The two-day blizzard that crippled the East with record snowfalls headed out over the Atlantic Tuesday, and from the Carolinas to Maine millions of Americans began digging out and taking stock of storm damage.
Nearly 100 people died in the storm, most them victims of automobile accidents or heart attacks that struck as snow was shoveled.
Although some buried cities stirred Tuesday after being brought to a standstill by the blizzard, the recovery was slow. Airlines struggled to clear a backlog of thousands of stranded passengers, many city halls and schools from Maryland to Massachusetts remained closed and the federal government in snow-clogged Washington was shut down for the second day.
Many snowfalls have caused greater damage and casualties - a blizzard in 1888 killed 400 people in New York alone - but what made this storm so unusual was the length and breadth of its attack, which spared hardly a city between Atlanta and Bangor, Maine. In all, 17 states that are home to 103 million Americans were affected.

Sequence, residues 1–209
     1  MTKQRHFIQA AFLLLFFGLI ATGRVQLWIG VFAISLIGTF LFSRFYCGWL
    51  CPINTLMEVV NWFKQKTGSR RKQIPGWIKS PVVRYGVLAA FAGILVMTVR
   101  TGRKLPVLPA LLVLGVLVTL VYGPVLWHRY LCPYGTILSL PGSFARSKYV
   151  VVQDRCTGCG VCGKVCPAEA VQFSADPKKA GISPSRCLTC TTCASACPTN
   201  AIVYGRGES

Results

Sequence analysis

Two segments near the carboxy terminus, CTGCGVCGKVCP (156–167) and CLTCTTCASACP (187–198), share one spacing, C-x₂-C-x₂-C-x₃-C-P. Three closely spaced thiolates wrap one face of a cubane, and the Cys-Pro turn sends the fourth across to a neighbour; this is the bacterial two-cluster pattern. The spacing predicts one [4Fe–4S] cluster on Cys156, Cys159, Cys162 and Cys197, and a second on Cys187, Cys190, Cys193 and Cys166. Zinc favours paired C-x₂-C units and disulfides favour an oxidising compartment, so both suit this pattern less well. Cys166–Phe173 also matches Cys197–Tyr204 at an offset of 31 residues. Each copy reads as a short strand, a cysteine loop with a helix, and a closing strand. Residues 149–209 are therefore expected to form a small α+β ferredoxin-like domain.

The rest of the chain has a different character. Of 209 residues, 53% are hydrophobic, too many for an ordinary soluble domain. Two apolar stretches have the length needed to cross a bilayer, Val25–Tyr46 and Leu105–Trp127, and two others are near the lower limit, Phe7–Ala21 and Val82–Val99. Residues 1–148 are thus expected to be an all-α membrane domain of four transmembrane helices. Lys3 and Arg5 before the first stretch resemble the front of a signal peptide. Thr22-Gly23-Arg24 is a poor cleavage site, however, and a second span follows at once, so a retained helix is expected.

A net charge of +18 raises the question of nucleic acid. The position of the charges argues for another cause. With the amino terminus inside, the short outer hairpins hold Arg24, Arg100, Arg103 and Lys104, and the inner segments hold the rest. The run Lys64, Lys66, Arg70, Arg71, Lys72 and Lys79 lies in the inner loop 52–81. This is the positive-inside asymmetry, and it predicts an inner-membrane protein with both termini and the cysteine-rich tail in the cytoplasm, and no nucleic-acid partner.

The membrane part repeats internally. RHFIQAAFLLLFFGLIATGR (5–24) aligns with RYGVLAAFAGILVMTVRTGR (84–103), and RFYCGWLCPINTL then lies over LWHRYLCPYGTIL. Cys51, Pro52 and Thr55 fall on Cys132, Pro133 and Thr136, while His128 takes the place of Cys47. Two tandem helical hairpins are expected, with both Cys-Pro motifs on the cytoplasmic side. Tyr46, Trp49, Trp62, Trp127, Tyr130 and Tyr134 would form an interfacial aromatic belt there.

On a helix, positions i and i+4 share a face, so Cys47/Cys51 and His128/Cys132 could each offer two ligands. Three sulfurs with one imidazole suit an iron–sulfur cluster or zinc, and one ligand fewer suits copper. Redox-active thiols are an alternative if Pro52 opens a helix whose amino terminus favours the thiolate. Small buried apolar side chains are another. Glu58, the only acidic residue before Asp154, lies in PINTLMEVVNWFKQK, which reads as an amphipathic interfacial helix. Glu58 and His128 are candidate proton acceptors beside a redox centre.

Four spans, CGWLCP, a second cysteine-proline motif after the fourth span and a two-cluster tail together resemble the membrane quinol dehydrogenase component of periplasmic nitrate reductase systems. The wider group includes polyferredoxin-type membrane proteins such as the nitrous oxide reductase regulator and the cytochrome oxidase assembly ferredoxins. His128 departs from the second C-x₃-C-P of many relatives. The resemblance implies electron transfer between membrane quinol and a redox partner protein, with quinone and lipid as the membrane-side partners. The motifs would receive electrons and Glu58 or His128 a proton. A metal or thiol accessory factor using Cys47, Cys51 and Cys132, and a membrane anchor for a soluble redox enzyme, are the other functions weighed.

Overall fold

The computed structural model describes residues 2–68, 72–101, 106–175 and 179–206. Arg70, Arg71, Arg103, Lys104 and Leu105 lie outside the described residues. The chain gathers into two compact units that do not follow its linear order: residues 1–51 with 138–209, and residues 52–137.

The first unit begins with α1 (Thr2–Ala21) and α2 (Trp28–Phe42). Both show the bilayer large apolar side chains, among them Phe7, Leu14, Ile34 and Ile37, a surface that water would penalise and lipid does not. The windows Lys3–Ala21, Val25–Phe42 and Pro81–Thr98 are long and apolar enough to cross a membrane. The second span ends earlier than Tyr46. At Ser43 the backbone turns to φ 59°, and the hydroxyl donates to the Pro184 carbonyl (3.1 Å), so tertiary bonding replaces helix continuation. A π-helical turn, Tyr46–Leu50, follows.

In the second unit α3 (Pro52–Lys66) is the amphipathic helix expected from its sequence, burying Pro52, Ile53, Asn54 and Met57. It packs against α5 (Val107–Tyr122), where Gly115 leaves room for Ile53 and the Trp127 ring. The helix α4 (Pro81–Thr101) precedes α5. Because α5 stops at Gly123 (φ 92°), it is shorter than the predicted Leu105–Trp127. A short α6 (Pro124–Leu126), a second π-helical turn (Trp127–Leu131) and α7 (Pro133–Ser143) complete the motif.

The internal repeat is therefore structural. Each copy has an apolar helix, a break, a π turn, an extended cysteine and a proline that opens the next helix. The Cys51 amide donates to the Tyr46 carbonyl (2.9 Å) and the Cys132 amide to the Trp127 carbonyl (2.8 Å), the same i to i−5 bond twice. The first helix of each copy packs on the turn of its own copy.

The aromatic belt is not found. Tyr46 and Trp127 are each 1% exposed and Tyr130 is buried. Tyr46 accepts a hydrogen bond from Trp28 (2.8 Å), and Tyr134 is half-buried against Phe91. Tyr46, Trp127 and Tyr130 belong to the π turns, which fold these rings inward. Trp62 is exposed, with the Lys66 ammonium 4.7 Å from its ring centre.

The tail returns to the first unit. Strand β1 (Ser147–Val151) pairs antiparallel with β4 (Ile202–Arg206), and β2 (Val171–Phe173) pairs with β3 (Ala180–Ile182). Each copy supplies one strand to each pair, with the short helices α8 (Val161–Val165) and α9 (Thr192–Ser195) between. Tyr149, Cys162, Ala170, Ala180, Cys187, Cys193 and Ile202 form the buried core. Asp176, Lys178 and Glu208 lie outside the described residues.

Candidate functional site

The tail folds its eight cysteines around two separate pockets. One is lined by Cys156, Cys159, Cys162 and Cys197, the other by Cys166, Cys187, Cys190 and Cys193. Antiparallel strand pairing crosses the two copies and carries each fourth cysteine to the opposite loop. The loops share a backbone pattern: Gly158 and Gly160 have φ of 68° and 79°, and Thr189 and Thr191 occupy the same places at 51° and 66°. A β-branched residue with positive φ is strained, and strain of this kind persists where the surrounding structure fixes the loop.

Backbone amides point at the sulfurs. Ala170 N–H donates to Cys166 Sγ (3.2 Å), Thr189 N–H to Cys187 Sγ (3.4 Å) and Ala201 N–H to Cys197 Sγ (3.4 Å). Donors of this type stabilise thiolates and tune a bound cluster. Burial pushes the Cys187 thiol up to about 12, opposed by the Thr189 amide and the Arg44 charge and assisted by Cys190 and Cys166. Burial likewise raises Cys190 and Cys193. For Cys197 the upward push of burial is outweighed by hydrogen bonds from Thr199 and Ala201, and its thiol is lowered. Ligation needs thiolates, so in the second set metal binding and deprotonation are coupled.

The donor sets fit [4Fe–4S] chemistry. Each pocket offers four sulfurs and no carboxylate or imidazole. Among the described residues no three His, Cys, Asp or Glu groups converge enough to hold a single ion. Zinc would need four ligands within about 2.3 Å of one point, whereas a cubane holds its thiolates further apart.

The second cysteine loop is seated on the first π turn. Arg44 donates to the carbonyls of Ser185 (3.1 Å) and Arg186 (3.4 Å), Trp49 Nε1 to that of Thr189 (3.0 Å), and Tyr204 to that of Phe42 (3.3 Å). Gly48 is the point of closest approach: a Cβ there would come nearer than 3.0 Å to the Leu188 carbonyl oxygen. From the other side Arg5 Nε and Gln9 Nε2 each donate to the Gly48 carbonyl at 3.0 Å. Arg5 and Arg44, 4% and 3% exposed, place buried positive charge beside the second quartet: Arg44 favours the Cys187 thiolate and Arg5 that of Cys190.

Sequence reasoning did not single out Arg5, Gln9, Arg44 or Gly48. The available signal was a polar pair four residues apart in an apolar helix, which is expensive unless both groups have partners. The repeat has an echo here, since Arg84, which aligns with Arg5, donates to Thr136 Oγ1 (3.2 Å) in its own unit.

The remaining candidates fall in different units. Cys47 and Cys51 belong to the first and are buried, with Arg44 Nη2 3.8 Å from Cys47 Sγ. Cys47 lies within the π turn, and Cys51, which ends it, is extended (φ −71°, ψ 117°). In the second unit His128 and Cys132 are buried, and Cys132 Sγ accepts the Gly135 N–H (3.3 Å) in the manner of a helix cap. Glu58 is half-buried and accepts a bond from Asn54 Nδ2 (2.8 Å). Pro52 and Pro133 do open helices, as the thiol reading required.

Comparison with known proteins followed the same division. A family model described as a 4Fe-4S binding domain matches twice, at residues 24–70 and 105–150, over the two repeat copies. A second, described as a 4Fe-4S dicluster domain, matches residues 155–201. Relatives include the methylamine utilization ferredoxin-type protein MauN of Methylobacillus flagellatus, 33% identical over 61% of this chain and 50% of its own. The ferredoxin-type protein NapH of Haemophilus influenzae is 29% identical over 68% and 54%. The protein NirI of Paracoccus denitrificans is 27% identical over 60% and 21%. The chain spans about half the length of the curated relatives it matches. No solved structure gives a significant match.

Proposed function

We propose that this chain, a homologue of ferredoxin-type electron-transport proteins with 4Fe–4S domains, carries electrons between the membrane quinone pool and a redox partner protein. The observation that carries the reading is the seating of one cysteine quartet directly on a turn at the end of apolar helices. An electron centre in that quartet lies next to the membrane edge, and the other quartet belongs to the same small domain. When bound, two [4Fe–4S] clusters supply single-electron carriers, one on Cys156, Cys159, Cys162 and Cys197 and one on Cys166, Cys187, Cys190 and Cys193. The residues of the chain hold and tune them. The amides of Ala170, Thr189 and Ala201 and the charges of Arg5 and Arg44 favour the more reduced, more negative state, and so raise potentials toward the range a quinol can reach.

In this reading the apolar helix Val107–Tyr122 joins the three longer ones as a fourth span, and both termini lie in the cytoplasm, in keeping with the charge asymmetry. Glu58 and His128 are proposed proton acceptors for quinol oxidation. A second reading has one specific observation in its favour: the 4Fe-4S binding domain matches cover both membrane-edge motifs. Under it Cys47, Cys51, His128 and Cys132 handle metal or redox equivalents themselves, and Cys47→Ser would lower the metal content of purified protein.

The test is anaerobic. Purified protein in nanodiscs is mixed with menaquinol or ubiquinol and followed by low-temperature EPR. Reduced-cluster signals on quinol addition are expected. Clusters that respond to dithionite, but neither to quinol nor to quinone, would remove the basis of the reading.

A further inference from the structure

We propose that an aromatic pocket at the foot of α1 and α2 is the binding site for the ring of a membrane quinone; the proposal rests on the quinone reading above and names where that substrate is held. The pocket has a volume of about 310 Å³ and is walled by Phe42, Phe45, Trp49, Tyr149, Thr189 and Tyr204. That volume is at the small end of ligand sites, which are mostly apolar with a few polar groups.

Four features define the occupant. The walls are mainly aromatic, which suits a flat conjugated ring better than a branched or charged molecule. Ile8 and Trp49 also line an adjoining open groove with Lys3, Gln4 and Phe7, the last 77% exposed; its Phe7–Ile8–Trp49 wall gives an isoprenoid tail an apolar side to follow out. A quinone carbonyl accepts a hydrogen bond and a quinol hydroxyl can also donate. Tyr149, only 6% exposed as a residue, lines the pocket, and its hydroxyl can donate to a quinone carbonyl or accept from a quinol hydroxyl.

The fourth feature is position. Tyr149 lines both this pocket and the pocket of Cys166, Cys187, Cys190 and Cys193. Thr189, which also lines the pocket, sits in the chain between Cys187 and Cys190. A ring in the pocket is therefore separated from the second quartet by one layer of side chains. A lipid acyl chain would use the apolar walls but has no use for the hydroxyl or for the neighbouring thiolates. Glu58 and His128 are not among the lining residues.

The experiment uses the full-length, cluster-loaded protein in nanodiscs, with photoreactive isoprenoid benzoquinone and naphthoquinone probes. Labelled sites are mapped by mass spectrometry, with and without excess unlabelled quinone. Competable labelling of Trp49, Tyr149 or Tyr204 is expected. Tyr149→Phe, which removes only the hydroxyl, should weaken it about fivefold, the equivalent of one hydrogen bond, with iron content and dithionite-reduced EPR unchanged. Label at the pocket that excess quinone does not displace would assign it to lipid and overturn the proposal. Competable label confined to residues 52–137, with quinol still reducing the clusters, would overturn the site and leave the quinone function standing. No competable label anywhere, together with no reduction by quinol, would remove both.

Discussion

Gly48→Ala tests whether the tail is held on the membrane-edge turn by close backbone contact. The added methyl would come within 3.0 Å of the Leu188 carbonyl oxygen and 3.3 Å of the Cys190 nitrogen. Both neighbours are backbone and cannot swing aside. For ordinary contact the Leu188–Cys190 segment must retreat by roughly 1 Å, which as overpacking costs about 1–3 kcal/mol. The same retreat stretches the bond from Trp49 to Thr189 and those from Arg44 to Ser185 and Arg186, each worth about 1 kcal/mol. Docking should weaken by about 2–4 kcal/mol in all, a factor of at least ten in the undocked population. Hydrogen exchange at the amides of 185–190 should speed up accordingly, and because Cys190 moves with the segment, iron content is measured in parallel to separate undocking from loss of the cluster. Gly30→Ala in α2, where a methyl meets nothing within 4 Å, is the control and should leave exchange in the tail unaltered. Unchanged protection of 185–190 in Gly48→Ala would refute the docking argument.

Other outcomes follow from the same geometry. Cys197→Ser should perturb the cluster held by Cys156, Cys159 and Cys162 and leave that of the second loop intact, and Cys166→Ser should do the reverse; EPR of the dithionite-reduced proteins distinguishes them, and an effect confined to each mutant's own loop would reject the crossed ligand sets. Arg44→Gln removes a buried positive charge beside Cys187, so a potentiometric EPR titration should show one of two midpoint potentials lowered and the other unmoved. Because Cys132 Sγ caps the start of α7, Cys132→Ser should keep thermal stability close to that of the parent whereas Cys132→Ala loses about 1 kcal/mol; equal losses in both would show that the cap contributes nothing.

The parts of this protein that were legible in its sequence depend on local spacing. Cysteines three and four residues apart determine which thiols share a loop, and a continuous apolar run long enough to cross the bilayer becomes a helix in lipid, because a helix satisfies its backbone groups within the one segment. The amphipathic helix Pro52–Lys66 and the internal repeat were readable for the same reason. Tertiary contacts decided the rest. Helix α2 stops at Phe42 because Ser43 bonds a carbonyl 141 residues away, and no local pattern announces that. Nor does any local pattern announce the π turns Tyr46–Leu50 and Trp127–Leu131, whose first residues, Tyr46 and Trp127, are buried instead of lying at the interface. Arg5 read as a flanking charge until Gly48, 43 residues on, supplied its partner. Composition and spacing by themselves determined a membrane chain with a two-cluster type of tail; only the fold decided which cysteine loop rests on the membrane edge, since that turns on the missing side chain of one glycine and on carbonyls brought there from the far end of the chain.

Airports in Philadelphia, Washington, Boston and New York reopened on a limited basis Tuesday, a day after more than 2,000 flights in the East were canceled. But airline officials said it would take several days before the backlog of passengers was cleared and schedules were back to normal.
More than 3,000 travelers trying to go to the East Coast were stranded in Chicago’s O’Hare Airport alone.